I have just seen "A Ma Soeur", and all I can say is it's a pretentious piece if garbage. What is it about French film directors that makes critics and film buffs alike salivate at the mouth when discussing what are , essentially, in the main, arrogant, self-indulgent works of pseudo-intellectual nonsense? You can throw Pedro Almoldovar into that category as well. He is yet another European "auteur" whose films grate to the point where I want to throw a brick at the screen. All of this solipsistic home-spun philosophizing gimmickry is nothing more than a case of the "Emperor's New Clothes".In the case of "A Ma Soeur", the denouement is totally incongruous and non-sequitir with the rest of the film; completely out of sync with the main corpus of the piece. For the most part, we are watching a sleazy Italian student attempting to deflower an attractive teenage girl while her younger overweight sister looks on. This, in itself evoked a sense of "ennui" in me. For the gratuitous sake of sensationalism, a few controversial love scenes are added to the mix, but hey, this IS a French film, so it is all for the sake of "Art" and "Artistic Endeavour" The ending is so ridiculous and over the top that it bears no resemblance to the themes and motifs of the rest of the film. If a Hollywood director made a piece of garbage like this, he would have been rightly lambasted but, because this is a French film, it is regarded by the pseudo-intellectual cognoscenti as "challenging" and "uncompromising".The denouement reminded me of those excellent films, "The Player" and "Adaptation", where Altman and Kaufman/Jonze respectively take the unmerciful p**s out of overblown, sensationalist Hollywood films, which start out in one direction but take a completely different route for the sake of increased cinema audiences and publicity; except "A Ma Soeur" continued to take itself seriously right up to the silly unbelievable,ridiculous ending.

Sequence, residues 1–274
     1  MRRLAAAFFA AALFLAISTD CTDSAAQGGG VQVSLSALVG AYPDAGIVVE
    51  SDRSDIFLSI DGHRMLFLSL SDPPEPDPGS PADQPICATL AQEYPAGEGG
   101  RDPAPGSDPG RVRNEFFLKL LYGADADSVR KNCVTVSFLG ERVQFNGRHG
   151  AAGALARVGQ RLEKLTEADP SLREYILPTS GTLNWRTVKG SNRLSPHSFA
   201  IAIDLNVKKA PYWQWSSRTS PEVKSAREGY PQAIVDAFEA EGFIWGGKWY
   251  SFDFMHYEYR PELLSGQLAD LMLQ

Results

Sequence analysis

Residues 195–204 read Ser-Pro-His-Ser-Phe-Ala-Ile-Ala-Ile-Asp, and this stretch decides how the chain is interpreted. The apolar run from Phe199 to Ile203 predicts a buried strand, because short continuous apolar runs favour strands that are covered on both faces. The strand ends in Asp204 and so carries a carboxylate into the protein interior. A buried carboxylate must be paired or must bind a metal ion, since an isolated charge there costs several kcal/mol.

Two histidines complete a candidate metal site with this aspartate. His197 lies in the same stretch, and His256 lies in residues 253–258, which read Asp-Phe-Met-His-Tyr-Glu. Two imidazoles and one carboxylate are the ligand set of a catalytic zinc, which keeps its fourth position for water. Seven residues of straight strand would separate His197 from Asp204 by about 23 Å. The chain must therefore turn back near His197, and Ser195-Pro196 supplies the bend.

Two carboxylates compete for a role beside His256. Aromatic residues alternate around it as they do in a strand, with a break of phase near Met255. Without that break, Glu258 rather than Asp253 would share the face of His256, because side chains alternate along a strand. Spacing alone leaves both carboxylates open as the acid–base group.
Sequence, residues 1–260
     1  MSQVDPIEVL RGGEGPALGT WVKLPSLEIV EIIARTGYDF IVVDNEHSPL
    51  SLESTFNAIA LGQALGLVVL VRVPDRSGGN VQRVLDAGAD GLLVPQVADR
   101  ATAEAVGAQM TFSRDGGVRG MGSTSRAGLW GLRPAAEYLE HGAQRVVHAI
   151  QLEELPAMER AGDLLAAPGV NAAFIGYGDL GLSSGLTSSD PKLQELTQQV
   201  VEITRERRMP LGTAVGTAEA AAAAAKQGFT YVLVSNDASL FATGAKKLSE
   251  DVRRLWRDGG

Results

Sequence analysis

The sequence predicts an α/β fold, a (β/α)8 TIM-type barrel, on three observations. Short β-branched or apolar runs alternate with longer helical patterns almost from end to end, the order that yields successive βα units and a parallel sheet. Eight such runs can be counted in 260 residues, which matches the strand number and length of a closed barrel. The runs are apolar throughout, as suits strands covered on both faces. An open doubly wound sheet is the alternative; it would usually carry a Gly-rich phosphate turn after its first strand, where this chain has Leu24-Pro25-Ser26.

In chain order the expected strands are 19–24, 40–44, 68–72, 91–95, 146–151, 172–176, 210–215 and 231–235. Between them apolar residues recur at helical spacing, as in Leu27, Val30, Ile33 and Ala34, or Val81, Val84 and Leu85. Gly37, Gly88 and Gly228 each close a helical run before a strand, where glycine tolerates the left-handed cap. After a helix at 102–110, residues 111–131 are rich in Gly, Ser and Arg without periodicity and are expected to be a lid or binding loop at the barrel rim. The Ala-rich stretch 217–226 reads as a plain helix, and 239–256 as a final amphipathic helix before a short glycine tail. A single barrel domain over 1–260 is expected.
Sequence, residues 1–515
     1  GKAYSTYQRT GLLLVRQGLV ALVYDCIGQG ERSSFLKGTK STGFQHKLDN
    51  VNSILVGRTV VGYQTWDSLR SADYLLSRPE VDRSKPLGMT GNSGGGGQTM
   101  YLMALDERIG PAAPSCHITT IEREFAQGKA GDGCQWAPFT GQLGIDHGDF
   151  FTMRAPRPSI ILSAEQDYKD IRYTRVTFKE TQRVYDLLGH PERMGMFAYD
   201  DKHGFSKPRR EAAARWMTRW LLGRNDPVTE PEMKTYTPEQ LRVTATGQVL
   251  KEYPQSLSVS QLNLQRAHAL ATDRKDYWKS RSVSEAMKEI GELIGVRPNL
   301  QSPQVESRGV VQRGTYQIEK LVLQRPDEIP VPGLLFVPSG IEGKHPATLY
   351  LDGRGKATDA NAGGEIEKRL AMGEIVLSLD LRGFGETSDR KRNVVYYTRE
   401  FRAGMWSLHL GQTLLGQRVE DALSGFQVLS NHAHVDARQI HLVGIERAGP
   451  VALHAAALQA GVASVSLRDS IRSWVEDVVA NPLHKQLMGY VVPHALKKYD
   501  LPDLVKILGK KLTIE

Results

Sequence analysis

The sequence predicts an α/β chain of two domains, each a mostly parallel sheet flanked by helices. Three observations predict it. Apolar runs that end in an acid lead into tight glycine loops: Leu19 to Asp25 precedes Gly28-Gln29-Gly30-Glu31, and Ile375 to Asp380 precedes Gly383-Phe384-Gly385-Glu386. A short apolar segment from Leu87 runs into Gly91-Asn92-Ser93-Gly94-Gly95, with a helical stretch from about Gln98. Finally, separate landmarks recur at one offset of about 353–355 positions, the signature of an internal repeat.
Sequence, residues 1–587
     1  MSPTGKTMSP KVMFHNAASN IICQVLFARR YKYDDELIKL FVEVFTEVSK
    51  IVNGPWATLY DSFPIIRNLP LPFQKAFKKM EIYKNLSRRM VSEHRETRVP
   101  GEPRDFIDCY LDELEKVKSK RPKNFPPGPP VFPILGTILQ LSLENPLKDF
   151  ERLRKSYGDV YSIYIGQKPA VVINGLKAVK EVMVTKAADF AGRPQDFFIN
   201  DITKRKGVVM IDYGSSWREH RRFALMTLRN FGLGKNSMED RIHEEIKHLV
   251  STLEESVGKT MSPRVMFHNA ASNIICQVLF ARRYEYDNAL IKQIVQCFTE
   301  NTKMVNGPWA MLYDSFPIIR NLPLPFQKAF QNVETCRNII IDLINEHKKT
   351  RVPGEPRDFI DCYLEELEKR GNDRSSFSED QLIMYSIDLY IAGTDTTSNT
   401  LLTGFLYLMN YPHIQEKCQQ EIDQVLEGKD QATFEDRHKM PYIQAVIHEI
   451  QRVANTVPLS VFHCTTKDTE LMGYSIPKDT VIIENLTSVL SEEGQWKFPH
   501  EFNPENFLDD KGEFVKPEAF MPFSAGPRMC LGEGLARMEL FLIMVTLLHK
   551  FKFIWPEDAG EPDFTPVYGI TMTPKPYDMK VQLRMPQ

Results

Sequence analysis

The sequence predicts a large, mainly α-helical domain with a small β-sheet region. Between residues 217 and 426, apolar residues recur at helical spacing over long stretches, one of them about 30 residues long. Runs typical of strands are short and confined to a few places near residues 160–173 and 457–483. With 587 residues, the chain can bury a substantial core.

Fat Girl opens with a scene depicting the sister Anais, 13, and Elena, 15, walking to town from their vacation how to get a drink. At first it appears as a seemingly innocent scene until their conversation is overheard. Of course, the topic is sex. While this topic is nothing new for teenagers going through the difficult years of puberty, what strikes the viewer is that the conversation goes far beyond mere curiosity. Elena, slim and pretty, has already engaged in a number of amorous activities besides actual penetration and Anais, overweight, plain, and deadpan, while still a virgin, is convinced that she wants her first sexual encounter to be with someone that she does not love so that she will be "broken in" for the man that she will one day love. This conversation devolves until Elena challenges Anais to see who can get a boy first.Arriving at a small outdoor café, an Italian university student invites to Anais and Elena to sit at his table with him. Anais is quick to sit beside the student, whose name is Fernando, but is ordered to stand by Elena. Fernando assures the girls that it is perfectly alright to sit with him and Elena quickly takes the seat next to him and soon, after ordering some refreshments and making small talk the two are kissing. Because of her beauty and character, Elena's parents made a rule that Anais must be with her at all times away from the vacation home, but Elena is quick to abandon her sister for a short getaway with her new boyfriend.Later in the film, after sharing a meal with Elena and Anais and their parents, Fernando sneaks into the vacation home and puts the move on Elena and she is more than willing to do anything for Fernando outside of intercourse. On this point, Fernando's demeanor changes and he tries to convince Elena to give herself to him as a "proof of love" because if she does not he will have to go off and find another woman which he does not want to do because he "loves" her. To appease Fernando, Elena consents to another route of intimacy which leaves her feeling ashamed, but Fernando assures her that it was "beautiful and "a proof of her love" for him. During this entire process, Anais has been watching the young couple. She was not spying on them per se because the activities were taking place within the bedroom that she shares with her sister. More mature than her amorously inclined but naïve older sister, Anais can see that things are leading to disaster.Always a controversial director because of her filmic depictions of sexuality that borderline on the pornographic, some would say dive right into the pornographic, Breillat delved into new ground and faced even more controversy because of its depictions of underage sexuality. However, the sexual acts depicted in the film are not meant to titillate but to make the viewer feel uncomfortable, because it is one of the few films that reflect the suffering of a young girl who has been suckered by a man she "loves," she is already talking to Fernando about getting married which he fully supports to reach his "goal," and the damaging effects that it has. Also, the film does a wonderful job depicting children who grow up too quickly and the highly uncomfortable situations that it can create. The scenes depicting the drive home are almost exhausting because of the high sense of tension that they create.While I cannot recommend Fat Girl to everyone, I can recommend it to film viewers who want to delve into a film that depicts sexuality, especially on the part of the male, at its mot base and the resulting psychological and sociological effects that it has.